Military action remains possible but, that would be a wild gamble and will become ever less possible as North Korea augments its nuclear arsenals. Advocates of a strike on North Korea’s nuclear facilities contend that the Kim regime would ensure regime survival by doing nothing. However, Pyongyang could initiate a limited, albeit devastating, retaliatory strike on Seoul, threatening to trigger a full‐​scale war. The U.S.-South Korean alliance might not survive a unilateral American decision to risk war which would be fought on and over South Korean territory. Alternatively, Kim could look at Washington’s record at taking advantage of opportunities for regime change and presume that he was America’s real target. He would probably then would seize the initiative to start a conflict seen as inevitable. His government would be defeated, but everyone would lose. So what are possible responses to North Korea?

One is to initiate both bilateral and multilateral talks, and determine if there is any kind of deal to strike. Forget convincing North Korea to give up its existing arsenal. Instead, consider limits on future production, proliferation activities and conventional threats. At the same time the U.S. and its allies should emphasize steps which would reduce any perceived threat to North Korea. Obviously, Pyongyang’s claims to fear aggression should be considered with several barrels of salt. However, even paranoids have enemies, it is said, and the U.S. routinely imposes regime change whenever the opportunity arises. Most notable was the decision to back the ouster of Muammar Qaddafi, who had made a deal with the West to abandon his nuclear and missile plans. Which left him vulnerable to allied intervention, something noted by North Korean publications.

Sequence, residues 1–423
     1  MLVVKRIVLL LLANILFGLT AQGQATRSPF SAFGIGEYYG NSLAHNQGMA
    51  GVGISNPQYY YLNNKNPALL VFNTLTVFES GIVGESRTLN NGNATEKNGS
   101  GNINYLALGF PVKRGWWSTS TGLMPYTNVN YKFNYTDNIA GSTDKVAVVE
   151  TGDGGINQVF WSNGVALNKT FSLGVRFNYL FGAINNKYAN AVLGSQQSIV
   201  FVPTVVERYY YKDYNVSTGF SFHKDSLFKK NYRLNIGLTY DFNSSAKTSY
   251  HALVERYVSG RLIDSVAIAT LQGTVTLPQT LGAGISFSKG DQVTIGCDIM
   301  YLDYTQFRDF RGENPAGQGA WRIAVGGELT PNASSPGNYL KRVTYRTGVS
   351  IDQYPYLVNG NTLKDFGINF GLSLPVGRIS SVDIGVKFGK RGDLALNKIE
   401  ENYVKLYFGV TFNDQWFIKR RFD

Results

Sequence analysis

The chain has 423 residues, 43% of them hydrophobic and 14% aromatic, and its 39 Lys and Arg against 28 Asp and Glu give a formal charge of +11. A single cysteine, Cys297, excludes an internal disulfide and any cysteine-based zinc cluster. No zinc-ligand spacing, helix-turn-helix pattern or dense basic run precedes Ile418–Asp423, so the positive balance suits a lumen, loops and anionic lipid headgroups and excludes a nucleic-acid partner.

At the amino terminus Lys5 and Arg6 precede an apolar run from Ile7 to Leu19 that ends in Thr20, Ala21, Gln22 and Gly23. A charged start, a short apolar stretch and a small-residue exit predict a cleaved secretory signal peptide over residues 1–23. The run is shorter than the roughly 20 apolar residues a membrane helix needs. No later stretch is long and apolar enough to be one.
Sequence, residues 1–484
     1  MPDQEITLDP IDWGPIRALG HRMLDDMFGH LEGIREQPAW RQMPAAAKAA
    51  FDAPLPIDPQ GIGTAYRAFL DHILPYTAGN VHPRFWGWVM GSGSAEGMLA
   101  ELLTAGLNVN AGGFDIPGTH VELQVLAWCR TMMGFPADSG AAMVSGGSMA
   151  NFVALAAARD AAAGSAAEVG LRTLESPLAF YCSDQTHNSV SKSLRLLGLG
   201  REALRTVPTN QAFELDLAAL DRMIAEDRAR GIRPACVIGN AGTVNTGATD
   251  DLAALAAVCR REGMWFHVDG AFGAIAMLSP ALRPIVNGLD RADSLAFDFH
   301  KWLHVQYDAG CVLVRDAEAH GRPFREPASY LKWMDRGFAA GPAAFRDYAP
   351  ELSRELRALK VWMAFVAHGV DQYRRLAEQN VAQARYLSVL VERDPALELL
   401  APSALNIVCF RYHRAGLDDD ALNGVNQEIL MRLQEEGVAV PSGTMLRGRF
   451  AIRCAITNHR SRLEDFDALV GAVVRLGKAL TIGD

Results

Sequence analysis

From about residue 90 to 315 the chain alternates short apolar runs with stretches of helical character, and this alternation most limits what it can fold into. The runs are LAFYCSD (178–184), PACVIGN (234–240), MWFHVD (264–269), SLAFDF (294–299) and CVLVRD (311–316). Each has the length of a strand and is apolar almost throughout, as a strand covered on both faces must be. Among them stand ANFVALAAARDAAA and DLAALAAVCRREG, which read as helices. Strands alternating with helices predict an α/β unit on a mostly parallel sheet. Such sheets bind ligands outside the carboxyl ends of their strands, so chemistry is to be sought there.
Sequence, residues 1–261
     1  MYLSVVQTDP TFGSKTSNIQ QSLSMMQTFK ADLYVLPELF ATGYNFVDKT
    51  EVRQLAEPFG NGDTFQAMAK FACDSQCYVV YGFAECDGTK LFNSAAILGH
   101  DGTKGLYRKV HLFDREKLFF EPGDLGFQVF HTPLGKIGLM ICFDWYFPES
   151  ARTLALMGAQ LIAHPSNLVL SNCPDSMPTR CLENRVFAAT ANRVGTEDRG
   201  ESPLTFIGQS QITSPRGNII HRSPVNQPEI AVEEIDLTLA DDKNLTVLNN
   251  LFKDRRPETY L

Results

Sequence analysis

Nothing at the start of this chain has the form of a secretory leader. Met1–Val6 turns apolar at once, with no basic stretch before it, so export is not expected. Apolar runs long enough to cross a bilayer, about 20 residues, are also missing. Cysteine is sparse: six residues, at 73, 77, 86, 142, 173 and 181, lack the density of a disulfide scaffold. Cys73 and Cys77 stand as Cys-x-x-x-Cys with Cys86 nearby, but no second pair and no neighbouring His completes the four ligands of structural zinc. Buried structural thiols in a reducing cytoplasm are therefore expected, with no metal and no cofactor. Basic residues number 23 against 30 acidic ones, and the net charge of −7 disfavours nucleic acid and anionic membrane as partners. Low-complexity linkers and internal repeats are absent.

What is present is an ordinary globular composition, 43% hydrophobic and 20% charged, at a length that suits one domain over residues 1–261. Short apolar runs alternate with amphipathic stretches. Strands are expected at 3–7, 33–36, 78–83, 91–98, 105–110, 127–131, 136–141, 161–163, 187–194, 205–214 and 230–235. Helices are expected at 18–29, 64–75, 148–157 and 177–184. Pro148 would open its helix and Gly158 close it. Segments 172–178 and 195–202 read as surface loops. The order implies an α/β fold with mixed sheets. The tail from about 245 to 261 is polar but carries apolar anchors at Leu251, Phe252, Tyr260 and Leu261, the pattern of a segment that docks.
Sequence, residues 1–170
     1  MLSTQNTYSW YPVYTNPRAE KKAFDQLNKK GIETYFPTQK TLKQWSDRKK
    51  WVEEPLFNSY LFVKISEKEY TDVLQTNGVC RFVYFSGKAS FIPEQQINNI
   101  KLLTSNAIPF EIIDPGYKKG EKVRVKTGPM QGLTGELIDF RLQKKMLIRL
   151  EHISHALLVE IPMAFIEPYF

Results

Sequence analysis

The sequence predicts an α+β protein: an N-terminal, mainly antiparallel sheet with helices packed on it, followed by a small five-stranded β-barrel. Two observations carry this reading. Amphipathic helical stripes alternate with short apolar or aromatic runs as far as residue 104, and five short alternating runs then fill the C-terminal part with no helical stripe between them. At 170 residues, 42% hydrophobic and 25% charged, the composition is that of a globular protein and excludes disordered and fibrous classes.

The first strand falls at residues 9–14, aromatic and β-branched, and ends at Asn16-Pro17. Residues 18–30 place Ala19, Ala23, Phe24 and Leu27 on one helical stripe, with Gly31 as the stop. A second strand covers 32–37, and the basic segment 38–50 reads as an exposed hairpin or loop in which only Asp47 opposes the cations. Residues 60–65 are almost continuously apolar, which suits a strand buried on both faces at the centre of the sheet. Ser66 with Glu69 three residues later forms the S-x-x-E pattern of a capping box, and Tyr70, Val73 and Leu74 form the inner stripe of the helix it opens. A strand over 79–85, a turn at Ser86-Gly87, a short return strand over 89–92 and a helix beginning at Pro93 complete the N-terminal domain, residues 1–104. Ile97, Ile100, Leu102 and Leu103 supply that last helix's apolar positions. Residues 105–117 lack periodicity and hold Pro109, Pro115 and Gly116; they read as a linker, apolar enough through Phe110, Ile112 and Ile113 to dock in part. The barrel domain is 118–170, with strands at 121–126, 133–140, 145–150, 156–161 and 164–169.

The second approach is to prepare for a truly nuclear North Korea. First, South Korea and Japan should enhance their militaries. A growing North Korean missile and nuclear threat certainly would justify investment in missile defense. The two countries, the most obvious targets of North Korea’s ill will, also should enhance their retaliatory and preemptive capabilities. Pyongyang should be aware that resort to war would not be costless. Equally important, China should be aware that if its neighborhood exploded it could not avoid suffering perhaps significant collateral damage.

Third, the United States should begin a serious regional discussion over the possibility of the South and Tokyo developing countervailing nuclear programs. Proliferation is not desirable, but might be second best to leaving nukes only in the hands of the bad guys—Russia, China, North Korea—in Northeast Asia. It certainly is not in America’s interest to remain at the center of such a potential imbroglio, expected to risk Los Angeles and Seattle to protect Seoul and Tokyo.

Moreover, North Korea should be aware that it cannot gain a unilateral advantage with its program. China should be aware that Pyongyang’s activities threaten to spur development of nuclear weapons elsewhere that could be used against it as well. That might well spur Beijing to take more serious action against North Korea.

Finally, Washington should step back from its intrusive military role in the region. Absent American military forces in and around North Korea, Kim Jong‐​un would have little interest in the U.S. But Washington has made the DPRK America’s business. It would be strange if North Korea did not respond in kind. If the U.S. simply turned North Korea Korean mess over to those with the greatest interest in regional peace and stability—ROK, Japan, Russia and China—they would feel more pressure to act decisively against the Kim dynasty. It makes no sense for Washington to adopt Northeast Asia’s potential conventional wars as America’s own. It is beyond foolish to do so for potential nuclear conflicts.

North Korea is a nuclear power with a growing arsenal. Washington and its allies should confront that reality and prepare policies for a very different Northeast Asia.